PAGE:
I’ve been using Gmail for most of my mailing lists. There’s a very good reason for this. It groups things into discussions beautifully. I also subscribe to several mailing lists that reside on the same server. For example, I subscribe to BBEdit Talk and Yojimbo Talk, both of which are run by Bare Bones (shocking, considering they develop them).
They don’t have a domain that’s dedicated to mailing lists, so the addresses are [email protected] I’m also a compulsive filer, so I apply labels to these messages for quick manipulation. One label is “mailing lists”. Rather than map email “To:” each of these email addresses, I’ve been using the fact that filters work on a contains instead of match basis to simplify. For the longest time a filter that looked for “To: [email protected]” worked perfectly. It’s suddenly stopped working. It’s now an exact match.
Don’t change filter behavior without notifying your users and giving them an alternative method to attain the same functionality.
Here’s the wacky part. If you filter based upon an email string with nothing preceding the at sign, such as “@barebones.com”, the filter becomes a contain based filter. Ugh. Say it with me: inconsistent.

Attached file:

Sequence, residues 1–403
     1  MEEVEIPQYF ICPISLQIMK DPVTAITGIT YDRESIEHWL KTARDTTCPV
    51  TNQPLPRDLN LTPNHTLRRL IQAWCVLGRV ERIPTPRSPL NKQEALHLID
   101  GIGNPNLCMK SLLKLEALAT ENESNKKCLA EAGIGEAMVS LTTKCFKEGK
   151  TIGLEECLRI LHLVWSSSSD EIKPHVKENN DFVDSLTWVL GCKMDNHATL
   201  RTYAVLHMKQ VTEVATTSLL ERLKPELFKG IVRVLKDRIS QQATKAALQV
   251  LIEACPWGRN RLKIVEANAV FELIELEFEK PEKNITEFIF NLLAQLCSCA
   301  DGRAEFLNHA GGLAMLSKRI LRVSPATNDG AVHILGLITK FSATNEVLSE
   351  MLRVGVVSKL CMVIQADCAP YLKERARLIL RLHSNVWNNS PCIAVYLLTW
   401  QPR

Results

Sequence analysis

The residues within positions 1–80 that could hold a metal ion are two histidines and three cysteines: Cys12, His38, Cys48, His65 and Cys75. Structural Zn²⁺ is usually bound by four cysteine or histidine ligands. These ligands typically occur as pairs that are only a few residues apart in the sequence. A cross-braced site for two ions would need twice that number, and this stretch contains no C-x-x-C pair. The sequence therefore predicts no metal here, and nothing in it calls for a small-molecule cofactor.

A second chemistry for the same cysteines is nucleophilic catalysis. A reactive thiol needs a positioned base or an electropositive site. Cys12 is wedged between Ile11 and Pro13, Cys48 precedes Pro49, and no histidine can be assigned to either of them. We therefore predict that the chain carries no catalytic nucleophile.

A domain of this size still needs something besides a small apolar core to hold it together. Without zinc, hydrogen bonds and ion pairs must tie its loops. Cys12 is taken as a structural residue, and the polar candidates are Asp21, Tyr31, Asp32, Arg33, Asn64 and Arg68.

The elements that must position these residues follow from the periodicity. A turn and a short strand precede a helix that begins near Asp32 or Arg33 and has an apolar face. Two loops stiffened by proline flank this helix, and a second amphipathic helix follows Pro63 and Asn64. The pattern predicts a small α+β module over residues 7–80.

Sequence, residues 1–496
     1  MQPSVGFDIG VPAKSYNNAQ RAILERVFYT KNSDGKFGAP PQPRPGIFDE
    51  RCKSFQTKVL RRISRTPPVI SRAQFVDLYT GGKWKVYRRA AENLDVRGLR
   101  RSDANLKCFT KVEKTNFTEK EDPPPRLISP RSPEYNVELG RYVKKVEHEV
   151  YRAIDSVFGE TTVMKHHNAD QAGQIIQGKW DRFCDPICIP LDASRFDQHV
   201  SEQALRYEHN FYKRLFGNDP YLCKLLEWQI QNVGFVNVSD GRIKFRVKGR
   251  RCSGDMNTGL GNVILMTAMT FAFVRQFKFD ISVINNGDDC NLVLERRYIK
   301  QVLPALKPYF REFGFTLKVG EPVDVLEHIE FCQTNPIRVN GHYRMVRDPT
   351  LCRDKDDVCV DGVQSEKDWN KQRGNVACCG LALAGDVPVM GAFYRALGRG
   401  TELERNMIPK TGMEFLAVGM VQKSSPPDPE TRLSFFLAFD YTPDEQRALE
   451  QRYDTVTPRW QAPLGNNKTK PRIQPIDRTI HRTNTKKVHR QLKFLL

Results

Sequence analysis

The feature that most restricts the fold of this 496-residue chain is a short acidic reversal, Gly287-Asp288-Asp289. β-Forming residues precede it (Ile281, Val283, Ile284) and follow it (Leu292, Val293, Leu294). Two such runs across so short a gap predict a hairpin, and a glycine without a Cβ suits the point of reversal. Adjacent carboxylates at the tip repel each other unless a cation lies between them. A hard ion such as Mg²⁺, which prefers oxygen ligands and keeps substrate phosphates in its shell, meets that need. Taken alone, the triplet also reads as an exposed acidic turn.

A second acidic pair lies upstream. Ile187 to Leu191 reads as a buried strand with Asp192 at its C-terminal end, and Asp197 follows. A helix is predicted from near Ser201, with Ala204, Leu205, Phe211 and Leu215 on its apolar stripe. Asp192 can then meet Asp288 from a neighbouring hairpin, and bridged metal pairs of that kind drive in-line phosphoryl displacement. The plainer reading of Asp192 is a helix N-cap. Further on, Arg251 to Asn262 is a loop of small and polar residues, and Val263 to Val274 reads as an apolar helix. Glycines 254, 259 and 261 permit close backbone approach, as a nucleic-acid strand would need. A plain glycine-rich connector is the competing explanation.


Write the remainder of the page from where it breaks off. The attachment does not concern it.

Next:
I was willing to cut Google some slack with their filters and the fact that it can’t filter based on arbitrary headers (like the list headers that most mailing lists slap on for easy filtering). It’s annoying, but something I could live with. Now the filters are essentially useless. Why? It’s not hard to implement powerful, flexible filters. As accurate and fast as their search is, I still want to organize my email to help prune. It makes the results more manageable. It’s almost as if Google is intentionally trying make its filters impotent to the point that users have to stop using it, at which point, Google can axe it completely.